Plaintiffs, in contrast, argue that this exclusion should not apply because "National's trade dress rights existed independent of its contract with Bridge Metal and would exist even if National had never entered into the agreement and/or if the agreement had not been breached." (Pls.' Opp'n 16 (alteration and internal quotation marks omitted).) Plaintiffs' position finds support from the Second Circuit, which has held that a breach of contract exclusion did not bar coverage for a trademark claim because the plaintiff's "trademark rights arose long before it entered" into the agreement in question with the insured, and would exist independent of the contract. Hugo Boss, 252 F.3d at 623 n.15; see also Energex, 1997 WL 358007, at *5 (exclusion barred coverage of breach of contract claim, but insurer still had duty to defend all of the claims because it had not met its burden of showing that all potentially-covered claims were excluded as breach of contract claims); 3 New Appleman Law of Liability Insurance § 18.02(5)(e) ("Because IP rights arise independently from contracts, and can be infringed in the absence of contract, . . . courts [applying 'but for' causation] usually find that infringement claims fall outside the exclusion."). Therefore, even if the specific breach of contract causes of action might be excluded from coverage, Defendant has not shown that all of the claims in National's complaints are "solely and entirely within the exclusions of the [P]olicy," Hugo Boss, 252 F.3d at 615, and, accordingly, Defendant was required to defend Plaintiffs in the entire actions.
b. Knowing Violation of Rights
Exclusion Defendant next argues that it was not required to defend Plaintiffs based on the Policy's exclusion for "'advertising injury' caused by or at the direction of the insured with knowledge that the act would violate the rights of another and would inflict 'advertising injury.'" (Def.'s Mem. 21.) Defendant argues that National's complaints assert that Plaintiffs knowingly, intentionally, and willfully breached the confidentiality agreement with the intent to infringe National's trade dress, purloin National's trade secrets and proprietary information, compete with National, and steal its customers and business. (Id. at 21-22.) Defendant asserts that National's allegations make clear that "knowing and intentional conduct pervade and underscore the entire claim." (Id. at 22.) Defendant cites two cases in support of its contention. The first, Dairy Source, Inc. v. Biery Cheese Co., 674 N.W.2d 680 (Wis. Ct. App. 2003), is a Wisconsin case applying Wisconsin law. The second, Atlantic Mutual, involved a different exclusion (barring coverage for advertising injury arising out of oral or written publication of material with knowledge of its falsity) and was decided after the court in the underlying lawsuit had already determined that the insured's acts were in fact intentional. See Atl. Mut., 763 N.Y.S.2d at 63-64.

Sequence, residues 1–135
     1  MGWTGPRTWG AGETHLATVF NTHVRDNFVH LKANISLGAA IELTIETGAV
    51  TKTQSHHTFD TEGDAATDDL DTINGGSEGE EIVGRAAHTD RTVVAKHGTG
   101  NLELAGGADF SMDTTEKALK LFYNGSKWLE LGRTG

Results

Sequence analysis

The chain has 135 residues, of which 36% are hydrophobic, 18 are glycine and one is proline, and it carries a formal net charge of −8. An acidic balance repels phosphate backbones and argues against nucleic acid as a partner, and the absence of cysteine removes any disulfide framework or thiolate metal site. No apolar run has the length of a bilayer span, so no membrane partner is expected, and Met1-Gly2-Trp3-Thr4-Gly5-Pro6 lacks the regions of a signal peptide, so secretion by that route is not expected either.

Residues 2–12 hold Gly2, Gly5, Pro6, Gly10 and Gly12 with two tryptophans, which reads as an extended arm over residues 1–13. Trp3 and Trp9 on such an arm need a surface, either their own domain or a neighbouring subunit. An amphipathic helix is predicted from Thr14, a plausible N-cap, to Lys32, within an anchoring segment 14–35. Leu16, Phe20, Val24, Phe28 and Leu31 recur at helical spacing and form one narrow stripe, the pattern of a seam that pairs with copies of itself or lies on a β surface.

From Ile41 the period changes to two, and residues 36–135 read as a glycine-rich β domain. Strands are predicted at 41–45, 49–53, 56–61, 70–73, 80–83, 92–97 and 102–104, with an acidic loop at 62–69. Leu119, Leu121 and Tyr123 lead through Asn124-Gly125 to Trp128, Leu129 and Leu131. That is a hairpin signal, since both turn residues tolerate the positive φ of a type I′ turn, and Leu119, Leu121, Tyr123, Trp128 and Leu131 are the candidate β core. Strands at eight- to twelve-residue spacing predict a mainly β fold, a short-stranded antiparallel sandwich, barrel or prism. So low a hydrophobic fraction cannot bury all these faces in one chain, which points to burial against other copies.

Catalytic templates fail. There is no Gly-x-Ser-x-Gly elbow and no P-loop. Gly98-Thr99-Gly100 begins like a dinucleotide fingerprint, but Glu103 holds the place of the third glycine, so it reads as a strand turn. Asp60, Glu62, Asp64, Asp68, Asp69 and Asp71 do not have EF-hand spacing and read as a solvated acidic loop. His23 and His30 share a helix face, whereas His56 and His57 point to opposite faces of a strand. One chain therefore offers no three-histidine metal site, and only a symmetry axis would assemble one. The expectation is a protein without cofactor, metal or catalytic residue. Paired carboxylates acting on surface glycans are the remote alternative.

Plaintiffs argue that this exclusion does not bar coverage because,
although National's complaints alleged intentional conduct, none was
proven and Plaintiffs could have been found liable for several of
National's causes of action without any finding of intentional
conduct, including the Lanham Act claims in the NY Action and the
unfair competition and conversion claims in the NJ Action. (Pls.'
Opp'n 17.)Plaintiffs' position with respect to the Lanham Act claims
finds support in New York case law. See CGS Indus., 751 F. Supp. 2d at
452 (concluding that the same exclusion did not bar coverage of action
asserting Lanham Act and other claims despite allegations of
intentional misconduct, because it had not been determined whether the